Thinking of Ravenna the link with the Byzantine art and its fantastic mosaic is immediate. I hadn't come back to visit this place for too long and so this summer I spent a few days admiring its beauties and designs made up of thousands of small tiles, taking hundreds of photos, kidnapped by the splendor I was admiring and sure I wouldn't want to forget even a detail. My little art storytelling of this wonderful city tells about them: we do not immediately notice those patterns: they often hide themselves, you can spot them in a decorative frame on the margins, or you can be accompanied by their beauty under your feet while you head up, contemplating the starry vaults. How much poetry, and how much harmony and wonder in one place! Difficult, if not impossible to choose only three details, but I had to, remaining faithful to the project. A month of revisions and second thoughts, and in the end these three little squares are my homage to so much beauty.
The mosaic art has been one of the most representative art form in that territory that today we call Italy. Depending on the empire of the moment, influenced by Roman or Oriental style, we enjoy compositions with a growing and increasingly refined aesthetic research. Ravenna is the magical place where, from the 5th to the 6th century, these suggestions converge giving birth to something unique. Marbles, stones of various kinds, vitreous pastes (enamels) and gold tiles are of unparalleled beauty. Luminous variations decorate the architecture of the Byzantine imperial city with figurative themes that recall first the Roman motifs and then join the geometrical and floral motifs of the oriental art.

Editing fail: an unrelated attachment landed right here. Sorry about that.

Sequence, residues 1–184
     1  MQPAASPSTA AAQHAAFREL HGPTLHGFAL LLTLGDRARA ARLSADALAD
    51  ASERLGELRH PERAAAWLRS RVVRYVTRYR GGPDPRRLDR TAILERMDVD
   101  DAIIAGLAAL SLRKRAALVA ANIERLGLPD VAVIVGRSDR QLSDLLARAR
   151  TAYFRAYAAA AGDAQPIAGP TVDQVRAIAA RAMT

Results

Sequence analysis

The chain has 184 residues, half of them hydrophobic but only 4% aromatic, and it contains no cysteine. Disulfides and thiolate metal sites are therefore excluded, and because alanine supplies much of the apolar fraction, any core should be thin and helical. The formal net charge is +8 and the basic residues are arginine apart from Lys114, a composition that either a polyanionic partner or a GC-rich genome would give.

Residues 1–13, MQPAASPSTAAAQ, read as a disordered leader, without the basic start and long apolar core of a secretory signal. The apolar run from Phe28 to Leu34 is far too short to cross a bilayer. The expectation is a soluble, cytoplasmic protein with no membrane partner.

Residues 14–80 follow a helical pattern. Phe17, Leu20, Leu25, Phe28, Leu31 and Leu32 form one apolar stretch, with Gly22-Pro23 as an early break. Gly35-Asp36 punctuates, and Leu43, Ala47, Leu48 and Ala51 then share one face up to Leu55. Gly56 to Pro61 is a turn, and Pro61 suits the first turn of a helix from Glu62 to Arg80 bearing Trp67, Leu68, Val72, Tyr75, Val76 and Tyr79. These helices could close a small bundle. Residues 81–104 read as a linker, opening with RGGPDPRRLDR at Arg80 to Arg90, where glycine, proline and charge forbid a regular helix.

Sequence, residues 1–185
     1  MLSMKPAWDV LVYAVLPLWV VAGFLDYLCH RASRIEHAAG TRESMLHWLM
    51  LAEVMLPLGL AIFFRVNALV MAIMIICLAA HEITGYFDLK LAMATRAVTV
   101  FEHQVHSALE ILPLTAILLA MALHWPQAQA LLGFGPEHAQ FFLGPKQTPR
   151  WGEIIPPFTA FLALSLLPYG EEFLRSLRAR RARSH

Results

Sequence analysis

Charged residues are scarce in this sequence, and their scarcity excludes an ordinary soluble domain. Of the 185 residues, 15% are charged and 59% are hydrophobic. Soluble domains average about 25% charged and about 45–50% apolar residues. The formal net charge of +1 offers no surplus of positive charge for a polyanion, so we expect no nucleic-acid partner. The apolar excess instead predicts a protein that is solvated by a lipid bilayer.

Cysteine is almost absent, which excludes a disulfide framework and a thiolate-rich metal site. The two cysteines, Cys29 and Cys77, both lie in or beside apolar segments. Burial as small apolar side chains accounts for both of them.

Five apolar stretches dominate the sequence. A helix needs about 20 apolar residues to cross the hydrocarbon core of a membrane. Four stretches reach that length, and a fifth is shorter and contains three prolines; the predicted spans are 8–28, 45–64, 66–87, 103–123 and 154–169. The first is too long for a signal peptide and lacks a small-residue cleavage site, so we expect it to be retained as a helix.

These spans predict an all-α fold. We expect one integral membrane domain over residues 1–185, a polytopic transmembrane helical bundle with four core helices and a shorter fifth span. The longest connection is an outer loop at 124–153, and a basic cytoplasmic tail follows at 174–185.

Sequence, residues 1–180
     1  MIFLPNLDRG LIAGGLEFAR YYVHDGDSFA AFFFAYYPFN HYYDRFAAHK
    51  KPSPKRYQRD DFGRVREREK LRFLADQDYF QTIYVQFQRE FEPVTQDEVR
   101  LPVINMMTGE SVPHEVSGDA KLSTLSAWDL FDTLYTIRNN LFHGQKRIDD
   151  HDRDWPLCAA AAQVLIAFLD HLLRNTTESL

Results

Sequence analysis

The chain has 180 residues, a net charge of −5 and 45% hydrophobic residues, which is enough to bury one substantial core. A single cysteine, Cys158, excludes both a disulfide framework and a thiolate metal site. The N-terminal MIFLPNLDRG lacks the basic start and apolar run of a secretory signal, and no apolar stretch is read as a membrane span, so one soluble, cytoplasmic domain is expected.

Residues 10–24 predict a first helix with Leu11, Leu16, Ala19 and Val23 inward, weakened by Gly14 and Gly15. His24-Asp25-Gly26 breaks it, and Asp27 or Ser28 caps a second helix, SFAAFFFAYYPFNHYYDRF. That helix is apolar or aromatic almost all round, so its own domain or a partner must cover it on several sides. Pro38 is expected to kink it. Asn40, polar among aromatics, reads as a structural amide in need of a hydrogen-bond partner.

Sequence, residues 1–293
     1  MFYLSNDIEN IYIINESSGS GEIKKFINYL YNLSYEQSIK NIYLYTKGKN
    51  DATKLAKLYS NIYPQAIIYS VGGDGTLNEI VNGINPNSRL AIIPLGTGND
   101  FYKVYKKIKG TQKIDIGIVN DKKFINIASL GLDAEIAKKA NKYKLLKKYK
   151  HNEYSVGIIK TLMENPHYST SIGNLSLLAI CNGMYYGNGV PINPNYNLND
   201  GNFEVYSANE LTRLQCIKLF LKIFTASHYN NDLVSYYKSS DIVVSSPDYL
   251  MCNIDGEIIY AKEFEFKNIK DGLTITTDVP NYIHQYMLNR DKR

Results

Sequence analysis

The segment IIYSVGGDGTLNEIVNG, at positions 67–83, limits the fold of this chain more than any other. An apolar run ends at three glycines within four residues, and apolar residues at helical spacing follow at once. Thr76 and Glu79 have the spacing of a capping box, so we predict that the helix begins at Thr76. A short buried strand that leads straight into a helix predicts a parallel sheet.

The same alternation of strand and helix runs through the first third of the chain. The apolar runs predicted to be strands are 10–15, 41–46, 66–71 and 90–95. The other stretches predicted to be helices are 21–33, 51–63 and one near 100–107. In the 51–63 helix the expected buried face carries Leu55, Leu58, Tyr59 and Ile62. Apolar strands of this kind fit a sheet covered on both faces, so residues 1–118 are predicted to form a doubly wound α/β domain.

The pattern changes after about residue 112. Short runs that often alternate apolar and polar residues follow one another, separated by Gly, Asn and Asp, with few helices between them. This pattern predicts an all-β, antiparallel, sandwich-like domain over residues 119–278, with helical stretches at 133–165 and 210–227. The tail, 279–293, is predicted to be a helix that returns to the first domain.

These vibrations are collected and told in the Ravenna triptych:
A detail of the lateral decorative frame of the Mausoleum of Galla Placidia, 5th century AD - blue enamels and gold tiles, Fornace Orsoni;
Floor decoration pattern of the Basilica of San Vitale, 6th century AD C. - red, green and white enamels Orsoni furnace;
Prelude to the starry sky of a lateral vault of the Baptistery of the Orthodox (also called Neonian), the oldest, mid-5th century AD Orsoni Furnace Smalti,: blue, ocher yellow, white, red.
Do you find them interesting? For any questions and curiosity, write me! To: info@mnmvenezia